The Agenda

TED as the New Harvard?

Anya Kamenetz, author of the excellent DIY U, has written a wonderful article on TED for Fast Company. She argues that TED, a conference founded by publishing veteran Chris Anderson, is best understood as a more enlightened version of the Ivy League, a web-savvy educational institution that manages to be prestigious and accessible at the same time. 

Still, if you were starting a top university today, what would it look like? You would start by gathering the very best minds from around the world, from every discipline. Since we’re living in an age of abundant, not scarce, information, you’d curate the lectures carefully, with a focus on the new and original, rather than offer a course on every possible topic. You’d create a sustainable economic model by focusing on technological rather than physical infrastructure, and by getting people of means to pay for a specialized experience. You’d also construct a robust network so people could access resources whenever and from wherever they like, and you’d give them the tools to collaborate beyond the lecture hall. Why not fulfill the university’s millennium-old mission by sharing ideas as freely and as widely as possible?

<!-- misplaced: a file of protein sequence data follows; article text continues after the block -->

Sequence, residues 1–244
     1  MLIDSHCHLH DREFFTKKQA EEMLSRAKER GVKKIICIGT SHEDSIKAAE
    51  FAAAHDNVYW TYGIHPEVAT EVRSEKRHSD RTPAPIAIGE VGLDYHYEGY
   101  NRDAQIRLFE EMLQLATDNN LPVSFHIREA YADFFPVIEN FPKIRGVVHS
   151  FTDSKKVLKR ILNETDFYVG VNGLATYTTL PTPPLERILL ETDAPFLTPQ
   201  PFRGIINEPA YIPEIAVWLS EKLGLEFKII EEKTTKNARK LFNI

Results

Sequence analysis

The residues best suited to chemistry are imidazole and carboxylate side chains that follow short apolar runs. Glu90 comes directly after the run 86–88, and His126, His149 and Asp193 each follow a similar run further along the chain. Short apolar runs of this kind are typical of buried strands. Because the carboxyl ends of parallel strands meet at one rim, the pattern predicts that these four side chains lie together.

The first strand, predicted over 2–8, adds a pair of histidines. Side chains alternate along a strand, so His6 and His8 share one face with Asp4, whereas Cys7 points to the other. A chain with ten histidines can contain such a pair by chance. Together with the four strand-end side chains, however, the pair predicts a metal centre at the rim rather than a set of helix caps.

The success of TED doesn’t mean that traditional elite institutions don’t have a place. But it provides a very constructive kind of competition. As TED’s “mindshare” expands, we will hopefully see more efforts like MIT’s OpenCourseWare, if only because elite schools don’t want to lose their relevance and their influence. Eventually, the mission of these schools, with their vast resources, will focus more on the wider public than on their own enrolled students, thus delivering more educational bang-for-the-buck. TED is, in a small but important way, teaching educators how to solve the problem of scalability.

Reihan Salam — Reihan Salam is executive editor of National Review and a National Review Institute policy fellow.

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